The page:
Months before his death, on February 2020, Aaron launched an event called I AM U (Identity Arts Music Unity) that celebrated the many identities at the school through visual arts displays, spoken word and poetry, theater improv, a fashion show, and a variety of other activities and performances. The event was an immediate and huge success; it continues to this day even without Aaron’s organizing influence, a testament to his legacy.

Which, to Tracee, is what he deserves. “I don’t want anyone to forget Aaron and all he did. I want to honor his spirit of giving by giving back. He empowered people; he brought them together and made them laugh. He empowered everyone to be who they want to be.” 

One of Tracee’s daughters, who attended the most recent I AM U event with her several weeks ago in February, overheard students commenting during the event. “I miss Aaron,” they said simply. “I miss Aaron so much.”

Tracee is determined to keep Aaron’s legacy alive. On his birthday last fall, Tracee coordinated a Health Wellness Walk to promote health awareness that included speakers who empowered the attendees with knowledge about diabetes, sickle cell disease, and more. As well attendees had an opportunity to give back via donations to the Aaron Boose Memorial Scholarship at the Lab School and to the Sankofa Scholarship at the Howard University School of Social Work.

 She’s not alone in carrying on his legacy. “It’s not just me but Aaron’s family, friends and The Lab School community helping to carry on his legacy. We’re all in support of each other to continue the work he was doing.”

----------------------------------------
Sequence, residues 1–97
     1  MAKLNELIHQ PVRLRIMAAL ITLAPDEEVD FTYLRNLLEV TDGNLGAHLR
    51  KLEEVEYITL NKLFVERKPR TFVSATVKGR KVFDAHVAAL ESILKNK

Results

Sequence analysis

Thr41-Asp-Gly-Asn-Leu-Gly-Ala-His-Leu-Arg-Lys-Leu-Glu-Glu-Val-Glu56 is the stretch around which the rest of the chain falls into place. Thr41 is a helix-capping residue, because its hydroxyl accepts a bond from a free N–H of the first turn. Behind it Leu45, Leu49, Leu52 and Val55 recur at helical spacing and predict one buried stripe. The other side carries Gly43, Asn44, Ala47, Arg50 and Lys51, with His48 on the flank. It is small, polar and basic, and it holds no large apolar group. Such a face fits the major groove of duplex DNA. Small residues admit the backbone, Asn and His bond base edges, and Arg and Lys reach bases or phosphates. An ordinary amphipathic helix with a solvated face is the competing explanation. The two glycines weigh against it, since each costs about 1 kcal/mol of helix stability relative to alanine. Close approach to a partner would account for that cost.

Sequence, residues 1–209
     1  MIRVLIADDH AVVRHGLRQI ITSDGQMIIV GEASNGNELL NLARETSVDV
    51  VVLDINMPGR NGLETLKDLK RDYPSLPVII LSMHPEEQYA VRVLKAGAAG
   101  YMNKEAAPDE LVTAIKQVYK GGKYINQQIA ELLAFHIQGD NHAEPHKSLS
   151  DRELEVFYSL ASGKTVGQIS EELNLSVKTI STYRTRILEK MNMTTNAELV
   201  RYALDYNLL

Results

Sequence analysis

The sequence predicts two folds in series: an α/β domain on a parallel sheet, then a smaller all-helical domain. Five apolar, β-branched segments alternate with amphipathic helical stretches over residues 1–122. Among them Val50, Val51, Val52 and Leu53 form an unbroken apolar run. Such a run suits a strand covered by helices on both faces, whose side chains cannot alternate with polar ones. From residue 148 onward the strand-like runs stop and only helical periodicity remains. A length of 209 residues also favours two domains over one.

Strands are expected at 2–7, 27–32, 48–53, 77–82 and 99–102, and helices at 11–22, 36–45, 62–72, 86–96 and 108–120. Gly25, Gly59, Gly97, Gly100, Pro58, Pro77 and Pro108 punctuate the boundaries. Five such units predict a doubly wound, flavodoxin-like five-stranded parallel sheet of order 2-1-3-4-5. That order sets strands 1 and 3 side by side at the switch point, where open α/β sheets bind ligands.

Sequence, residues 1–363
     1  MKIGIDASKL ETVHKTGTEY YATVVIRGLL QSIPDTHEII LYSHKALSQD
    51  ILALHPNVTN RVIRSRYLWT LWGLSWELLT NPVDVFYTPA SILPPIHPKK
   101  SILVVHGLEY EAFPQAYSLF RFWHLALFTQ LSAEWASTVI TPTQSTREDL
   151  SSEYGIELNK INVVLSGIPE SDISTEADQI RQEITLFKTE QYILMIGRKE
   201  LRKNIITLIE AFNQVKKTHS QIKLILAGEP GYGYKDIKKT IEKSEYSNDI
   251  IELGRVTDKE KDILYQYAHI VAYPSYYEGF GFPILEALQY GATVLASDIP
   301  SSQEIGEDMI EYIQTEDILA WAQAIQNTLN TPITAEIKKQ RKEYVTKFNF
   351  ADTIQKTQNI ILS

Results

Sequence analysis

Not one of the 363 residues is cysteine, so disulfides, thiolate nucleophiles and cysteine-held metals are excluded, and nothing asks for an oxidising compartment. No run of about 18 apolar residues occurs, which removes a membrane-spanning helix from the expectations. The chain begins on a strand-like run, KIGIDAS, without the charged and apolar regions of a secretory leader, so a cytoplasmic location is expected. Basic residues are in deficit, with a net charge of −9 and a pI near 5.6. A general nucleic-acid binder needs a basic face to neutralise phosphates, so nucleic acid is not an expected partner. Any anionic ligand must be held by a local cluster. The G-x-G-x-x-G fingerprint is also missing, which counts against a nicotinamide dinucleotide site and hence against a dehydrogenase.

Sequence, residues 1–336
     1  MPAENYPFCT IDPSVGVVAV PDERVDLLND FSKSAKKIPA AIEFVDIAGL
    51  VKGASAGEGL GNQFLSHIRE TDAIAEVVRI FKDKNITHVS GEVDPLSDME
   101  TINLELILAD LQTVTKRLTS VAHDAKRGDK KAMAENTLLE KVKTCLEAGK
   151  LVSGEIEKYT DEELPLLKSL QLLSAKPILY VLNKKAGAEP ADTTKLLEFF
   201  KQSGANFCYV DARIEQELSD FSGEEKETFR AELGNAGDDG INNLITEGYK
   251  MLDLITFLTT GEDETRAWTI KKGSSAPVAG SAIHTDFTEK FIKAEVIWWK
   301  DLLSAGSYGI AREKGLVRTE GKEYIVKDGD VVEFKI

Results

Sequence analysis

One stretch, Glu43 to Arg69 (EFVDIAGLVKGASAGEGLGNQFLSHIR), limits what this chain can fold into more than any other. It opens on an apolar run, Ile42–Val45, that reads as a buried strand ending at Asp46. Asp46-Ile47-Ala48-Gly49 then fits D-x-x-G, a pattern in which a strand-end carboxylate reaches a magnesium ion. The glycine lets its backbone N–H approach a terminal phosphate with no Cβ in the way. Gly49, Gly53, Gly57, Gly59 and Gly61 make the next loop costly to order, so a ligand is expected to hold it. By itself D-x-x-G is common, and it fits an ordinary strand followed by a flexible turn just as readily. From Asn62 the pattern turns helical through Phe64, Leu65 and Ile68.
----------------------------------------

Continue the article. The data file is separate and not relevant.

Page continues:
This support led to the donation of 80 of the books collected at his service to Sasha Bruce’s Clay Terrace Family Success Center and the dedication of Aaron’s Reading Corner there for children and youth of all ages. The reading corner features a photo of Aaron and his tremendous grin. There’s an explanation about his love of words and books. 

Aaron’s legacy is giving back. In addition to Sasha Bruce, the books donated in his memory went to several other agencies in DC that serve youth. Last Christmas, Tracee asked for friends and family to adopt the Family Success Center at Clay Terrace. She received such an overwhelming response of toys and gift cards that she had to make two trips because it didn’t all fit in her car. This generosity of more than $1,000 in gift cards, along with dozens of gifts, brought holiday joy to our young people and families at the Family Success Center.

Tracee envisions doing something new every year, to perpetuate Aaron’s legacy of giving. Eventually she would like to set up a foundation in his name, one that offers scholarships for students to go to college. One of Aaron’s goals had been to start a school that focuses on arts and empowerment for underrepresented and underserved males. His close friends and colleagues are committed to the idea of starting such a school in his memory. 

What does Tracee think Aaron would say about the legacy that he’s left and the impact that he’s continued to have? 

“Aaron would be humbled, but he’d be grateful and appreciative, happy that we’re doing it.” She paused. “He had the ability to put himself in others’ shoes, and that’s what we’re doing. We’re remembering to do what he would want.”

Sasha Bruce helps young people find safe homes, achieve and maintain good physical and mental health, create and strengthen supportive and stable families, and explore opportunities in education and careers. For questions about hosting a fundraiser or making a lasting gift in honor or in memory of a loved one, please contact Jasmine Thakurdas, Individual Giving Manager, at jthakurdas@sashabruce.org or call (240) 909-1272.